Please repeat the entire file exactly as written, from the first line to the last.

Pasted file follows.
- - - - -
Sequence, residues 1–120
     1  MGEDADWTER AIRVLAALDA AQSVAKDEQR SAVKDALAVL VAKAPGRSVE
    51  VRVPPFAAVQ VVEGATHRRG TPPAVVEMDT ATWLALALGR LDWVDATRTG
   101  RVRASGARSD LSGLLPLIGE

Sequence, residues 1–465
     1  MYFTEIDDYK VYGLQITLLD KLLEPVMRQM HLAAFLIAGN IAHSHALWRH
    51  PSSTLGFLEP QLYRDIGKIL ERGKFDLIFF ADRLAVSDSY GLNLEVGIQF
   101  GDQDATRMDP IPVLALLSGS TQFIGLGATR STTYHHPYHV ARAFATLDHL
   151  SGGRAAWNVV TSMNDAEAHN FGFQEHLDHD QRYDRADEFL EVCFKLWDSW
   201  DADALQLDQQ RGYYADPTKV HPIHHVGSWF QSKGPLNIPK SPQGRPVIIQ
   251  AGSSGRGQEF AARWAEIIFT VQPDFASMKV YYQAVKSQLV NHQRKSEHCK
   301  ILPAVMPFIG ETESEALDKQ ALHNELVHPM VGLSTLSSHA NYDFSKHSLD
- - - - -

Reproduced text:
Sequence, residues 1–120
     1  MGEDADWTER AIRVLAALDA AQSVAKDEQR SAVKDALAVL VAKAPGRSVE
    51  VRVPPFAAVQ VVEGATHRRG TPPAVVEMDT ATWLALALGR LDWVDATRTG
   101  RVRASGARSD LSGLLPLIGE

Sequence, residues 1–465
     1  MYFTEIDDYK VYGLQITLLD KLLEPVMRQM HLAAFLIAGN IAHSHALWRH
    51  PSSTLGFLEP QLYRDIGKIL ERGKFDLIFF ADRLAVSDSY GLNLEVGIQF
   101  GDQDATRMDP IPVLALLSGS TQFIGLGATR STTYHHPYHV ARAFATLDHL
   151  SGGRAAWNVV TSMNDAEAHN FGFQEHLDHD QRYDRADEFL EVCFKLWDSW
   201  DADALQLDQQ RGYYADPTKV HPIHHVGSWF QSKGPLNIPK SPQGRPVIIQ
   251  AGSSGRGQEF AARWAEIIFT VQPDFASMKV YYQAVKSQLV NHQRKSEHCK
   301  ILPAVMPFIG ETESEALDKQ ALHNELVHPM VGLSTLSSHA NYDFSKHSLD